Non-essential shops have had to close due to the lockdown restrictions that started earlier this month. This includes bookshops. While giants such as Waterstones will probably come out the other end, many independent booksellers are at risk.
The closure of bookshops doesn’t mean people don’t want to read. If anything, people have more time to indulge in the books they’ve been meaning to read. So, the obvious solution is to buy books online. Amazon is well known as the leading bookseller worldwide. When it launched in 1995, its only function was as a website to purchase books. This has obviously evolved into much more, but even 25 years later, it is the leading online bookseller. While convenient, Amazon does not help to support your local business. So, what is the solution?
The main aim is to deliver books while also supporting independent booksellers
This week, Bookshop.org has launched in the UK. This website was previously only available in the US, however it has been brought to the UK a little earlier than expected due to the lockdown and ever-growing popularity of reading. The main aim is to deliver books while also supporting independent booksellers. It has been described as a “revolutionary moment in the history of bookselling.”
Participating bookstores can create a storefront on the website. This includes a little bit of information about the store and the books that they sell. The customer can buy books on the site either by searching for the book name or for looking for their local stores on a map. This is very good as it enables small businesses which may not be well known or have their own website to be noticed by booklovers from any part of the UK.
The website only started running in January in the US. However, thanks to the pandemic, it quickly blew up. By June, Bookshop was selling $1 million worth of books a day!
If you are considering buying some books for yourself, or as presents, it is very worthwhile checking out Bookshop before committing to Amazon
The full profit margin of 30% from each sale goes to the local booksellers. If you search for a specific bookshop, the profits will all go there, if not, they will be pooled and distributed to your local booksellers. In this way, the booksellers that are now closed, can continue to make money. Bookshop takes care of all the customer service and postage.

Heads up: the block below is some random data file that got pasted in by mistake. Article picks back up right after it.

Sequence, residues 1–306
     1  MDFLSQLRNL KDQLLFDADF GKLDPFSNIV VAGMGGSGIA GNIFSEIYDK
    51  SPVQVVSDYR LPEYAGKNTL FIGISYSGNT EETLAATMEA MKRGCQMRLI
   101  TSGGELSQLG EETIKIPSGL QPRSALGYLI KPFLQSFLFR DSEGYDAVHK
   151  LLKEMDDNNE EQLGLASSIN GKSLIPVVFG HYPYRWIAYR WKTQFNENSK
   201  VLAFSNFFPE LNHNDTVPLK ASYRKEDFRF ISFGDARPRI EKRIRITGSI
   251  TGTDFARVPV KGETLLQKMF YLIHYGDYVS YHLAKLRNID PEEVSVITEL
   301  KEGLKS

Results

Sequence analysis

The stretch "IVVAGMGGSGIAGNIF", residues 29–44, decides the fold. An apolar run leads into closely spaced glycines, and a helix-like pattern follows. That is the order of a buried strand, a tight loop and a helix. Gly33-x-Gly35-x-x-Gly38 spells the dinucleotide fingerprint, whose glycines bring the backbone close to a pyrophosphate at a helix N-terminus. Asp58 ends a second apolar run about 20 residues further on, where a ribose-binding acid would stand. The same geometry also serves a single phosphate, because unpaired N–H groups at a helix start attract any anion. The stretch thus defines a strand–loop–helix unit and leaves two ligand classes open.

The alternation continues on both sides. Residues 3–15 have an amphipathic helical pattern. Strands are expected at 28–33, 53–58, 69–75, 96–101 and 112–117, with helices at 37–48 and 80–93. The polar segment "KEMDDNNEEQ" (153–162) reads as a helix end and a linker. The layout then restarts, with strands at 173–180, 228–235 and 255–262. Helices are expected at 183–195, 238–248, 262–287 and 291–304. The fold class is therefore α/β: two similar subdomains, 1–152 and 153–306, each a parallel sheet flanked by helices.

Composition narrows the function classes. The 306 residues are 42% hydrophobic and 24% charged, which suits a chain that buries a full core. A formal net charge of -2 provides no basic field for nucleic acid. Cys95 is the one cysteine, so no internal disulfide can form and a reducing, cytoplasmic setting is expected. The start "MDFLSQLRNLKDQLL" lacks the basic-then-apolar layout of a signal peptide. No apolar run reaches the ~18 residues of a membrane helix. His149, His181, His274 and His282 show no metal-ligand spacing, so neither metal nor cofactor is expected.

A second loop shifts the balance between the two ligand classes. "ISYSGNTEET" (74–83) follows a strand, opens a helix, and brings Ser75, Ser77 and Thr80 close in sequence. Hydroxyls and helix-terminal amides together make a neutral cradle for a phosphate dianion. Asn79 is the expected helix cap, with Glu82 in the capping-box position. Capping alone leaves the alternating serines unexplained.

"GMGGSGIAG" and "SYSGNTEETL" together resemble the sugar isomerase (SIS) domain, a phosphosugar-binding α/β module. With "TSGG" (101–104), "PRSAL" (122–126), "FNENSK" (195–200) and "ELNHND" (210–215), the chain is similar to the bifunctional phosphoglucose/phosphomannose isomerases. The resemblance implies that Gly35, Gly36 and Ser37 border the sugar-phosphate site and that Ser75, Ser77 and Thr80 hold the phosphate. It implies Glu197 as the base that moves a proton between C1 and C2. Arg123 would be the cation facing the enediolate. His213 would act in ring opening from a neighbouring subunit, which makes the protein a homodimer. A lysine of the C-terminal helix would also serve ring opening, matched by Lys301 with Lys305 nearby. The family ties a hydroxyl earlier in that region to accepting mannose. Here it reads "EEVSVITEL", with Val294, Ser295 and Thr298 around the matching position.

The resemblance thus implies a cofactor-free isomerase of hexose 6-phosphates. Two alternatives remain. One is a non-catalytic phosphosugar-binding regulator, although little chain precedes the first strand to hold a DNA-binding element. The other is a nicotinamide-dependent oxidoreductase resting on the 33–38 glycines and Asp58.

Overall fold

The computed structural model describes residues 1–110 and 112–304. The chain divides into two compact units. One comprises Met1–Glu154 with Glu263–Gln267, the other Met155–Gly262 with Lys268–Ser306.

The founder of Bookshop, Andy Hunter says “it’s been a wild ride.” With a total of 5 employees at the start of the year, they had their work cut out to perfect the site rapidly. However, he says that all the work was worth it as “the whole time we were getting messages from stores saying, ‘Thank God you came along, you’ve paid our rent, you’ve paid our health insurance this year.’ If you’re going to have to work in insane circumstances and with huge amounts of stress, it’s good to be doing it in something you feel good about.”
Over 130 booksellers have already signed up to be on the UK Bookshop site, with over 200 expected by the end of the year.
I think that it is very important to support small businesses, especially during these difficult times. If you are considering buying some books for yourself, or as presents, it is very worthwhile checking out Bookshop before committing to Amazon. Purchasing from Bookshop will mean that the profits of the book go to your local independent stores, rather than to Amazon.
This being said, I appreciate that it is not possible for everyone. Understandably, the range of books available on Bookshop is not as varied as on Amazon which has virtually any book you could ever want. The price of books will also differ and so it may sometimes be cheaper to buy from Amazon, especially if they have a sale on. Amazon also offers next day delivery for prime members for most items. This could be another factor as to why people would be more inclined to shop there, especially if they have left Christmas shopping to the last minute.
For these reasons, I think it will be a while until Bookshop can be viewed as a serious competitor to the likes of Amazon. It is definitely not impossible – however, it would require more bookshops to take part and more customers to choose to shop locally.